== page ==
Wednesday, January 12, 2011

Taking Care of Business

Things have certainly picked up since I got pack to site a week ago! I was tired of being bored and feeling like I wasn't really doing anything productive, so I realized I was going to have to take a much more proactive approach to make the day to day work more interesting. On one of my first days back I asked my CSB doctor if I could split my time between the clinic and the hospital, and she had no problem with that as long as I still put in at least 3 days at the CSB (I'm not sure why, there's generally not much going on there). So the next day I went to talk to the doctor in the maternity ward of the hospital and she seemed a little confused as to why a vazaha with no actual medical training wanted to help at the hospital, but she said yes nonetheless. So, the new deal is that I'll work Monday and Tuesday in the maternity ward, and Wednesday through Friday at the CSB. Cool with me!

Monday I went to the hospital, and since the rasazy (mid-wife/nurse) wasn't working the doctor seemed worried that there wasn't anything for me to do, but I told her I could talk to the new mothers about nutrition, breastfeeding, hygiene, etc. and it was no problem that I'd be working by myself. I actually preferred it to the group pre-natal consultations at the CSB because I could talk one on one with people which is much less intimidating. Also, I think it's better that way because people get instantly shy in front of me, but when it's just the two of us (well, three if you include their newborns) they're more likely to ask questions than when they're in a group.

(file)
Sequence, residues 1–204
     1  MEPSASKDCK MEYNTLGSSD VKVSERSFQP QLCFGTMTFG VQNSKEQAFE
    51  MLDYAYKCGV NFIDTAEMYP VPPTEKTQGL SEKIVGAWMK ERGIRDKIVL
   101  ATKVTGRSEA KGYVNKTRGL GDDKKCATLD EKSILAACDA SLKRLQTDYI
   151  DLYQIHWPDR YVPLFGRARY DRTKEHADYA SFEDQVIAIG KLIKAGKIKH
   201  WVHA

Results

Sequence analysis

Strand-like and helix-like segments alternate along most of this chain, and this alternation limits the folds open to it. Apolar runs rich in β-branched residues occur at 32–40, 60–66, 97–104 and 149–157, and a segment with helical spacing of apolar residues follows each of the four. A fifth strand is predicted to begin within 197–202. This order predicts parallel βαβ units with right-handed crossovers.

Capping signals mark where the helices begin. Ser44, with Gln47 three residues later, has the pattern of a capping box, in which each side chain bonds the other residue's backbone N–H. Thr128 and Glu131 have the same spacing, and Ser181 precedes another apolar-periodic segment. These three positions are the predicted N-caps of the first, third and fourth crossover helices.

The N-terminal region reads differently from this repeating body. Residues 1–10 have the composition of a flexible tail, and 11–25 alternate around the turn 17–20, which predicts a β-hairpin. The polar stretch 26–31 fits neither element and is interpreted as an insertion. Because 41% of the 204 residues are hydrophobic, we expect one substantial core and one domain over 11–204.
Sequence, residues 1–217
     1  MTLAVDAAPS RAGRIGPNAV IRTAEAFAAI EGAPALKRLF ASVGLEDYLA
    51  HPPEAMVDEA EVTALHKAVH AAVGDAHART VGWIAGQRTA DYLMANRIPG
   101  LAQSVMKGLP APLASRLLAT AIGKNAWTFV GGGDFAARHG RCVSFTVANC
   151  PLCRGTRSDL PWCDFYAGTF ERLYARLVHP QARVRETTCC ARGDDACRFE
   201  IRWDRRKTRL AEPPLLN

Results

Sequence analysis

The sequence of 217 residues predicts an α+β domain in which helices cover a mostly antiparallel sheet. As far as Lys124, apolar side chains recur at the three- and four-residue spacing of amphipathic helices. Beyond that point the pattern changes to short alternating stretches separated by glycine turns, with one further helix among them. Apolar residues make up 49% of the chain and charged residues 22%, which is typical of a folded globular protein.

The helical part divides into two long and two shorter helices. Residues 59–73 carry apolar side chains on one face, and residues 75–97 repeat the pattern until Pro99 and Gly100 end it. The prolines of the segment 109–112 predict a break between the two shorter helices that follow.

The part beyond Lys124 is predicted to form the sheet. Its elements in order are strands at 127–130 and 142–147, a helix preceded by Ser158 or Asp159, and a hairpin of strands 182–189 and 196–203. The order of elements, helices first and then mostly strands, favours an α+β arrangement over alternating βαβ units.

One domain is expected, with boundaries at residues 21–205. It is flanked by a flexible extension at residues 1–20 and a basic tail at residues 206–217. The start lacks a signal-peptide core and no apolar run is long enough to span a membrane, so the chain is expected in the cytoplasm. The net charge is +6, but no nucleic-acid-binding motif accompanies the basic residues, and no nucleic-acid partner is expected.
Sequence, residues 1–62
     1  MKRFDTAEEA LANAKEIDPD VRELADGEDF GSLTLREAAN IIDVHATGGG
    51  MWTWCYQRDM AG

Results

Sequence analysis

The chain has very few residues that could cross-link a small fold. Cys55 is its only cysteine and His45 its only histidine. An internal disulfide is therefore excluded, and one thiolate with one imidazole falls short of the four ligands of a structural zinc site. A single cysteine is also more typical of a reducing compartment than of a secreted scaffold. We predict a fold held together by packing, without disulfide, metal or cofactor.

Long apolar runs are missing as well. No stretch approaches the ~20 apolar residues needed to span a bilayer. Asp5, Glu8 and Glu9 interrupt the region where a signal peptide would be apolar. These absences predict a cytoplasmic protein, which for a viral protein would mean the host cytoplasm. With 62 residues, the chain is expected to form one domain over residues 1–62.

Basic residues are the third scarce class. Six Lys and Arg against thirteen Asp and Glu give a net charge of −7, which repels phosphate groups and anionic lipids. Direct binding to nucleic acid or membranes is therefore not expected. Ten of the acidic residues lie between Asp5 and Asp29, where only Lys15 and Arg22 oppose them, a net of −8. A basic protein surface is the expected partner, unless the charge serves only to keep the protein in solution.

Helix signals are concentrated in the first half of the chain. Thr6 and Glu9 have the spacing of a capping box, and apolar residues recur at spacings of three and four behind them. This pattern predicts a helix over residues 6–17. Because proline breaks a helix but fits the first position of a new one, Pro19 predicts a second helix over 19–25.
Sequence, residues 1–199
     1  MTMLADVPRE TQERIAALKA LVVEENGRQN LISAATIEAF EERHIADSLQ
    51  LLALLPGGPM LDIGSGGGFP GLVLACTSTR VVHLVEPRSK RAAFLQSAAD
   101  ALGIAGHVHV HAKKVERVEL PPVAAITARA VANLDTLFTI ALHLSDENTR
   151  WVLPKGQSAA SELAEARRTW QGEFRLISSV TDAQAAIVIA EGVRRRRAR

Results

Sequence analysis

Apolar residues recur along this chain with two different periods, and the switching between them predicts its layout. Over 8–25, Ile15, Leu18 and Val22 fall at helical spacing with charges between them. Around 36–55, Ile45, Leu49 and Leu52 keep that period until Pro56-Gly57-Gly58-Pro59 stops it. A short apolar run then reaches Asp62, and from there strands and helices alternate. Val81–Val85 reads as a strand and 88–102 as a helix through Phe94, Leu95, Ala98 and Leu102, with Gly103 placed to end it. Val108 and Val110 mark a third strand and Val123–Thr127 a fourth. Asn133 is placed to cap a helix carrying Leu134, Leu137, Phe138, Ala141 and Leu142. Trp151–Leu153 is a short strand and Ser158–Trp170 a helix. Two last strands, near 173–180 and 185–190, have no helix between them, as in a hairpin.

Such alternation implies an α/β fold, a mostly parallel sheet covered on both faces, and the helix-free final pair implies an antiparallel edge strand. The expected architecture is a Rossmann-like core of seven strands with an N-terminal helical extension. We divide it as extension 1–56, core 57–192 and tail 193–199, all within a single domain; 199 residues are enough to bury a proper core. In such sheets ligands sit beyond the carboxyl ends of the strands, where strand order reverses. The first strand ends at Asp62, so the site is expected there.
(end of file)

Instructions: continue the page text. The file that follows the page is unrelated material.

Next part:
On Tuesday I went back to the hospital and luckily for me, the rasazy was working and she's awesome. Girlfriend wore gold lipstick and about 10 rings to come to work delivering babies, so I'm pretty sure we're gonna be good friends. For most of the morning we just hung out and waited for people to come in, but it was nice because she's really easy to talk to and she speaks slowly enough for me to understand her. It's also helpful that she speaks some French and a tiny bit of English, because usually out of three languages we can reach a general understanding of what we're trying to say. In the morning we did a couple pre-natal consultations, and at the hospital they do individual consults because it costs 2,000 Ariary (~$1) instead of being free like at the CSB. Since we didn't have a bunch of people to get through, she was able to take the time to teach me about the other parts of the consultation, like measuring the belly, listening for the baby's heartbeat, and checking the position of it. After the consults we took the lunch break, and usually this is when I stop for the day, but I liked working with her so much I decided to come back for the afternoon.